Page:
Late last week I spoke with a manager who asked me about my release process. While I have worked in many shops with different patterns, I thought it would be of value to show the pattern that I would use if I had that form of control. This article is just a "top of my head" and there will be additional details added as I think of them and, of course, you should adjust these as your requirements demand.

Of course some of these items are obvious, but the number of times I have encountered processes that are opposite the logical flow "just because".

Specifications

Getting customer ideas. I prefer to get as many users involved in the initial request. Knowing what everybody wants helps me to plan those functions before I write myself into a corner that I later have to untangle. Of course not all features are going to make it into the initial release, if ever, so it's also important to manage the users expectations so that they are less disappointed when they don't get those functions. (and they will be disappointed and they will say; "you promised" when in fact you have not promised.)

Divide up the tasks into manageable pieces. At this moment in history, especially with web based projects, it is often better to make smaller and more frequent changes. This gives the users some of the functions they want asap.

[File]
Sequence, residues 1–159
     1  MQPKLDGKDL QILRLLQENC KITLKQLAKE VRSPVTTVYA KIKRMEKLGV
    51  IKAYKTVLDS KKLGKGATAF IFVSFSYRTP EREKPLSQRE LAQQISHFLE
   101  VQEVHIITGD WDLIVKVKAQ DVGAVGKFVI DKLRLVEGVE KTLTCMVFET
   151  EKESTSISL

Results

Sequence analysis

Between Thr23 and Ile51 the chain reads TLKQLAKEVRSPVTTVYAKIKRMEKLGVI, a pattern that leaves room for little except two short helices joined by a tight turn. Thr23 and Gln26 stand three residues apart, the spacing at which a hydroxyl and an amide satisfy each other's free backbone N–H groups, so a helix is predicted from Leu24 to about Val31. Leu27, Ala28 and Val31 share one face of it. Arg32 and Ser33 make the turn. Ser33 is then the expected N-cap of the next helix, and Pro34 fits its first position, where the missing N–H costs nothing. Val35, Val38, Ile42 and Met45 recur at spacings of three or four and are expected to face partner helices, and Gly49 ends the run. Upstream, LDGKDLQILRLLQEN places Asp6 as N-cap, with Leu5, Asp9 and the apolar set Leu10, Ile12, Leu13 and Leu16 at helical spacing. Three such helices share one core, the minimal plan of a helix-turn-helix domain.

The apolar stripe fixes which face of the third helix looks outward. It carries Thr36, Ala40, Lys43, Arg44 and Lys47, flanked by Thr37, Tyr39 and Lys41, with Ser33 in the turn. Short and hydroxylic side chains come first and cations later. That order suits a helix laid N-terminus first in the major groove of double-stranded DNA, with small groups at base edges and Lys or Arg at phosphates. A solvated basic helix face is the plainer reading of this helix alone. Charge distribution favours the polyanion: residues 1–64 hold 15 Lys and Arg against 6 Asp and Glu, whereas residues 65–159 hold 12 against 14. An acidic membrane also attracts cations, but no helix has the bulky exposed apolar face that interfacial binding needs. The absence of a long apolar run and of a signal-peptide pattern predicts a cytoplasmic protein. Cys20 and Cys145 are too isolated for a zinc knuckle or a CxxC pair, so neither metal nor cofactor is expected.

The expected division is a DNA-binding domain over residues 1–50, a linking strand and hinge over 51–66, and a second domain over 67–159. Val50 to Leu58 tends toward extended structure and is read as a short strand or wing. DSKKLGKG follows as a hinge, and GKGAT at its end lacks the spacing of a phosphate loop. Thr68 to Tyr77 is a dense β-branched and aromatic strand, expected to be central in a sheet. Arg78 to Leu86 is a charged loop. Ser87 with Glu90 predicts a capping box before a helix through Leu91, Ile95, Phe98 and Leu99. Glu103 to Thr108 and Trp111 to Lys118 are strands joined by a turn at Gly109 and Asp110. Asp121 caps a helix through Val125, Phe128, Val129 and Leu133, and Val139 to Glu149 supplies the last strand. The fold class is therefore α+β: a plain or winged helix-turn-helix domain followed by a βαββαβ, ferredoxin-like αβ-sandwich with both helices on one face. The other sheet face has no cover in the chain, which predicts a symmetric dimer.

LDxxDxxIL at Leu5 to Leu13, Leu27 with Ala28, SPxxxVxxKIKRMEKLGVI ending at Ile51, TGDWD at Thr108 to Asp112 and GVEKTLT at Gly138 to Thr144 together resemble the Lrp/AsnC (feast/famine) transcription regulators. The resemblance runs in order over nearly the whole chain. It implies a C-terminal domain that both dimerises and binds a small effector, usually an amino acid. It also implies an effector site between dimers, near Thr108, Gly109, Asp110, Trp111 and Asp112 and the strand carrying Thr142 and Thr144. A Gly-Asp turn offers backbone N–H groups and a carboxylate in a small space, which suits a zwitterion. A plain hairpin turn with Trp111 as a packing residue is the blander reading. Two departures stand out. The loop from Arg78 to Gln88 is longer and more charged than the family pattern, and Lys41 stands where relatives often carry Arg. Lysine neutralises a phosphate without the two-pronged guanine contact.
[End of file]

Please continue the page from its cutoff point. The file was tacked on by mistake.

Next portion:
Documentation! Do it up front, like source code comments they are an investment that will pay off sooner

Development

All developers should be using source control such as Source Safe, CVS. No excuses! I use source control at home.

Bug tracking systems such as Bugzilla

All database changes are to be scripted!

Always use stored procedures. There are some who believe that using stored procedures is not of value, I disagree.

Release

I prefer to have a three tier enviorment: Development, Test, Production

Backup Production enviorment (obviously daily!) and restore to Test. Register new components, run scripts and then run test scenarios. (for more detail on testing consult someone else. I do extensive function testing, but I strongly believe that testing should not be do by developers and definatly not done by the developer who wrote the code. The person who wrote the changes has the suposition of what should happen. To remove this issue, at the very least a different developer should test the changes. The specification written in the first step should be a good start, if not a complete document on what should be tested.

Releases should be scheduled for a time of day and day of week that is least likely to affect the most amount of users.

Additional:

Backups of source code, documents, database and all other documents should be done, at very least daily and stored in an offsite location. There are too many encrypted cloud based services to not having a backup. (yes, I have worked at companies that did not have backups)

Quiet space. Developers need personal space, their own office so that they can concentrate and give you the project results you need.

Good computers: Developers should not have to work on a 4+ year old computer. Period. Spent the money and make the developers happy, or management will spent much more money in lost time.